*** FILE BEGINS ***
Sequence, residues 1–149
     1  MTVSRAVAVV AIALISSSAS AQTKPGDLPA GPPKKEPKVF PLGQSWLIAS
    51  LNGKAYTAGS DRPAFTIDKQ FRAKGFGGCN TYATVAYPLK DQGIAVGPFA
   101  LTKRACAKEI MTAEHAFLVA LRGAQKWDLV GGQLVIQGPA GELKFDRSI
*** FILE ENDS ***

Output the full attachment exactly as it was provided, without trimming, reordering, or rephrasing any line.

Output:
Sequence, residues 1–149
     1  MTVSRAVAVV AIALISSSAS AQTKPGDLPA GPPKKEPKVF PLGQSWLIAS
    51  LNGKAYTAGS DRPAFTIDKQ FRAKGFGGCN TYATVAYPLK DQGIAVGPFA
   101  LTKRACAKEI MTAEHAFLVA LRGAQKWDLV GGQLVIQGPA GELKFDRSI